Caya Lenay, of Lynnwood, pleads guilty in the murder of Julie Knechtel, who was killed while trying to defend her son from teenage robbers in 2017, at the Snohomish County Courthouse on Friday in Everett. (Andy Bronson / The Herald)

Caya Lenay, of Lynnwood, pleads guilty in the murder of Julie Knechtel, who was killed while trying to defend her son from teenage robbers in 2017, at the Snohomish County Courthouse on Friday in Everett. (Andy Bronson / The Herald)

Third teen pleads guilty in murder of Everett woman

Julie Knechtel, 54, was killed while defending her son during a home-invasion robbery last December.

EVERETT — A 16-year-old boy pleaded guilty to murder in adult court Friday for a home-invasion robbery last year during which an Everett mother was shot to death.

Caya Lenay, of Lynnwood, is the third defendant to admit guilt in the death of Julie Knechtel, 54, who was killed while defending her son from teenage robbers Dec. 7, 2017.

At the time of the shooting, Lenay was 20 days shy of his 16th birthday. He faces a prison sentence ranging from 11 to 19½ years for second-degree murder.

Lenay pulled a hoodie tight around his face at 4 a.m. Dec. 7, when he and three teens in masks forced their way into a shed behind Knechtel’s home on East Gibson Road, where her son lived, according to charging papers. Her son, 17, had been selling drugs. He recognized Lenay because Lenay had robbed him before, police were told.

The robbers demanded the teen’s methamphetamine and marijuana. In the middle of a fight, Knechtel rushed in swinging a chair, according to Lenay and others in his group. Her son heard a pop. He ran over to try to help his mother, but saw she had been shot in the chest. The bullet pierced her lungs and heart. He heard another pop. He’d been shot in the back.

He survived. His mother did not.

Lenay didn’t fire a gun, but he knew two of his friends were armed when the crew broke in, according to his guilty plea Friday. Prosecutors saw Lenay as the teen who “initiated the plan” and told others Knechtel’s son had drugs to steal, court papers show.

The robbers fled in a Mercedes.

Hours later police tracked down Lenay at an Everett home. At first, he denied knowing about the crimes. But later he described the night in detail. Before the robbery, the group had smoked cannabis, ingested cough syrup and talked about people they had “beefs” with, court papers say.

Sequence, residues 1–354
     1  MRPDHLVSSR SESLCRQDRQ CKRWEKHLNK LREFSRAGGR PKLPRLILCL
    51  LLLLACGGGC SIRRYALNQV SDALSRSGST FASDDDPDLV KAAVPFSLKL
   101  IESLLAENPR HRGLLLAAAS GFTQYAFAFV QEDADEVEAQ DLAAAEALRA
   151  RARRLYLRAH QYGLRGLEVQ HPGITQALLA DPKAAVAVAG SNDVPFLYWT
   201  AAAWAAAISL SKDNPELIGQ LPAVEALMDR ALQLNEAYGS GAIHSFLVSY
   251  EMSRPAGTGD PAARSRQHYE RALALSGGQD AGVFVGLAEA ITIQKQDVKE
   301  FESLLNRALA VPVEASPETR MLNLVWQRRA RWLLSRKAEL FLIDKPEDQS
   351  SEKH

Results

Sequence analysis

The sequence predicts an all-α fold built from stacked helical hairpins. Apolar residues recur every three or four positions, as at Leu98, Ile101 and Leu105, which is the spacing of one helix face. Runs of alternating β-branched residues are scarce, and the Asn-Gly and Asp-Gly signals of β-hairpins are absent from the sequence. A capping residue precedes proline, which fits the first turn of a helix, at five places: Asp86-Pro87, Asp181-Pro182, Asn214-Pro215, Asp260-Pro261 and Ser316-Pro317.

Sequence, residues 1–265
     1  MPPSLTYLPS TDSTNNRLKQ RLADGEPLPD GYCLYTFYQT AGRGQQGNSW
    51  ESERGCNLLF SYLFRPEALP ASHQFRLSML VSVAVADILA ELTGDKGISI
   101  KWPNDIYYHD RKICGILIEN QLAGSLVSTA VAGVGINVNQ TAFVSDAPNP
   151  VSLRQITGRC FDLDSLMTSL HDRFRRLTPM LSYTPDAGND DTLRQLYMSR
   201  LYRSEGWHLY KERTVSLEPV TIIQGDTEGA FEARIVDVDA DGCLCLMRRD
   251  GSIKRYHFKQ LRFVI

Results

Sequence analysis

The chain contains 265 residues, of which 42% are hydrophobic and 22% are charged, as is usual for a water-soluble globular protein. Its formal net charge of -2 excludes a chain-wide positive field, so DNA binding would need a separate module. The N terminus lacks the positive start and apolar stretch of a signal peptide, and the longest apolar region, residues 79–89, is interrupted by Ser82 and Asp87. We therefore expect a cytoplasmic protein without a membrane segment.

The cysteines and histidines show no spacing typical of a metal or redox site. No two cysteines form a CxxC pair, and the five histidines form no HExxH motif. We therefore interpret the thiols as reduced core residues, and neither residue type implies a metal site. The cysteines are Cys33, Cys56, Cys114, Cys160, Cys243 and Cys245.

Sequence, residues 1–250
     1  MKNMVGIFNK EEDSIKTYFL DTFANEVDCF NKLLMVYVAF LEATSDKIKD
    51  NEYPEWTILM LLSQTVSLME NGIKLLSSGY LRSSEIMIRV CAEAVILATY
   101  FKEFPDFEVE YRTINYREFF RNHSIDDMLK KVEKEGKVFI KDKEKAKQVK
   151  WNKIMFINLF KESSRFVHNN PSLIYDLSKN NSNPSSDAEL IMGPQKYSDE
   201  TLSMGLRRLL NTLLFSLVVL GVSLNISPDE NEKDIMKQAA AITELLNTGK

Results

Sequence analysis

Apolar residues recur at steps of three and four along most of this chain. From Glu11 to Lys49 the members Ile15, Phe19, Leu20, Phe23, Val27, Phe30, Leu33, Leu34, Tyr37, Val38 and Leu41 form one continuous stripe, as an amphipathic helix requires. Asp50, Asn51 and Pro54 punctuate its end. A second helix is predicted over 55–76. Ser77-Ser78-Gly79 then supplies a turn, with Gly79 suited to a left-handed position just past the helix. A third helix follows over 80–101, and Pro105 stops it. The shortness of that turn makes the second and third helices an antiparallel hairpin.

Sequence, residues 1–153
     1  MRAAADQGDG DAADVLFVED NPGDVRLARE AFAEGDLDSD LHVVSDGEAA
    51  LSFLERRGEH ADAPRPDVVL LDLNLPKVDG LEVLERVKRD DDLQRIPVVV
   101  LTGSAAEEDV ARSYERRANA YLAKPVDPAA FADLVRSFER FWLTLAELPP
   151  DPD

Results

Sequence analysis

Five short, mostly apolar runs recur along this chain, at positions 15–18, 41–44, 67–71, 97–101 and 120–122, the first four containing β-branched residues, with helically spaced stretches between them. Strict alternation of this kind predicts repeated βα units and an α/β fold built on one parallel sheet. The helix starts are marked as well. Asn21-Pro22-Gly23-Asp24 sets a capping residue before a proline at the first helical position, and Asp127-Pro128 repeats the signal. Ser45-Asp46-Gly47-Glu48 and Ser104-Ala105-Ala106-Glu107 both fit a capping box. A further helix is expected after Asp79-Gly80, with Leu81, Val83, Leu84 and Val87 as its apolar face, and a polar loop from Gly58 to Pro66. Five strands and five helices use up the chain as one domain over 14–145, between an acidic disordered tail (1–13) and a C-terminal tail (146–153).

Just before the murder, the teens opened fire in a drive-by shooting at the Hangar 128 apartments south of Everett, over a grudge with a young man who lived there, according to charging papers. No one was hit. One bullet narrowly missed the head of the young man’s sister, 15.

Then the teens drove three-quarters of a mile down the street to the Village Green Mobile Home Park, where Knechtel lived.

Lenay told police his friends Bryan Rodriguez-Hernandez and Larry Dorrough had guns drawn. A fourth intruder, Mondrell Robertson, kicked in the shed’s door.

Minutes later, as the group rode away from the scene, Rodriguez-Hernandez told the others he shot the mother, according to court records.

Dorrough said he shot the son, according to Lenay.

A fifth defendant, Gladyz Valencia-Anguiano, now 17, is charged with being the getaway driver. She’s awaiting trial. She reportedly told police she smoked a cigarette and locked the car doors while the boys went to the shed.

Her boyfriend, Rodriguez-Hernandez, now 17, pleaded guilty in August to first-degree murder. His sentencing is scheduled for Nov. 29. Attorneys are recommending 25 years behind bars.

Robertson, now 18, pleaded guilty in September. Prosecutors are expected to suggest a 10-year sentence at a hearing in December. According to Robertson, he thought the group went to the shed only to “settle a beef” and beat the teen.

“We were running out and (Dorrough) stopped and turns around and shot (Knechtel’s son),” he told police.

Dorrough, now 17, awaits trial. His next court date is in December. Dorrough and Lenay had been classmates at Alderwood Middle School the preceding school year.

All of the teens were charged in Snohomish County Superior Court almost a year ago, except for Lenay, the youngest of the five. Until this week, his case had remained in juvenile court.

“We certainly recognize the tragedy of the circumstances here,” defense attorney Gene Piculell said Friday.

The defense plans to argue for a sentence of 10¼ years, which is below the standard range in Washington. Sentencing has been scheduled for Jan. 15.

Caleb Hutton: 425-339-3454; chutton@heraldnet.com. Twitter: @snocaleb.

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